The Hubble Space Telescope has resumed science operations approximately a month after a technical problem shut down command of the science instruments and transmission of science data to Earth.
Both the Advanced Camera for Surveys' solar blind channel — the part of the instrument unaffected by a 2007 electrical short — and Wide Field Camera 2 have been restored, returning the capabilities the telescope had before the equipment failure. The Hubble team released a new image, captured by Wide Field Camera 2 after the repair, on Oct. 30.
Engineers will also attempt to restart the Near Infrared Camera and Multi–Object Spectrometer cryocooler in early November.
On Sept. 27, 2008, a malfunction occurred in Hubble's Control Unit/Science Data Formatter (CU/SDF), which both relays commands to the science instruments and formats their data for transmission.
Hubble was designed with two CU/SDFs — one active and one unpowered backup that can be activated in case of a malfunction. Engineers have switched to the backup system.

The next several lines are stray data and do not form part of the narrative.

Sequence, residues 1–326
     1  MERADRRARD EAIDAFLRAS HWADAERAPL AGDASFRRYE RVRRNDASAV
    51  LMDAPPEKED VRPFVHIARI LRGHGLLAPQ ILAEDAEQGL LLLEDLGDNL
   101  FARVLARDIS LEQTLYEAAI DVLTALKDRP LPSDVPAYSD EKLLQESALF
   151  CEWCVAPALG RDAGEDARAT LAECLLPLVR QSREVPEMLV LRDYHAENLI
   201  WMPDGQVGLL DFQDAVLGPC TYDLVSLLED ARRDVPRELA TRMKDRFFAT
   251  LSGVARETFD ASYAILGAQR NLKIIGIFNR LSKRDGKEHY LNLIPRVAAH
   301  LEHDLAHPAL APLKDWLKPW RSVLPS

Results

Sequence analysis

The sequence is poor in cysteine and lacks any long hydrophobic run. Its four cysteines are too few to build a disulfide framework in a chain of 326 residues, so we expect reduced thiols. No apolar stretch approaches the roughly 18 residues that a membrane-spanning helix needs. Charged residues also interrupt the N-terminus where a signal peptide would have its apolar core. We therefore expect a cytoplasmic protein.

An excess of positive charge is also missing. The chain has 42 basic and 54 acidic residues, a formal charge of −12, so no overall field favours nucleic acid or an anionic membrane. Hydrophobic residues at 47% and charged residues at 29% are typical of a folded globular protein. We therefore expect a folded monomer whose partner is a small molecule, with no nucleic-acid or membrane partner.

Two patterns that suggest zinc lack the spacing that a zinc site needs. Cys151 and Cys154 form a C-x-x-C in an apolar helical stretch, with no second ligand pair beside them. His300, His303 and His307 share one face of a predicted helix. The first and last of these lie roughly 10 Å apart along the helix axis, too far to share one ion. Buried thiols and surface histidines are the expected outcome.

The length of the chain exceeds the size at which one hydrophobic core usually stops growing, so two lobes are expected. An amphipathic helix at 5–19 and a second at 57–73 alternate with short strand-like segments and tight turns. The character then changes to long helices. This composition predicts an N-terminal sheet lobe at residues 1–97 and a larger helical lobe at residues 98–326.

The switch means Hubble will function normally but no longer have a backup unit within the system to guard against a future failure.
Due to the importance of the system, NASA is unwilling to leave Hubble without a backup. The CU/SDF is part of an overall "command and data handling" system that helps operate the telescope. The most likely outcome is the installation of a complete replacement command and data handling system during Servicing Mission 4. The system was designed to be replaced during a servicing mission if necessary.
NASA has a backup system on the ground that has to be checked, tested and delivered to Kennedy Space Center, a process that will delay the mission — previously scheduled for October 2008 — until early 2009.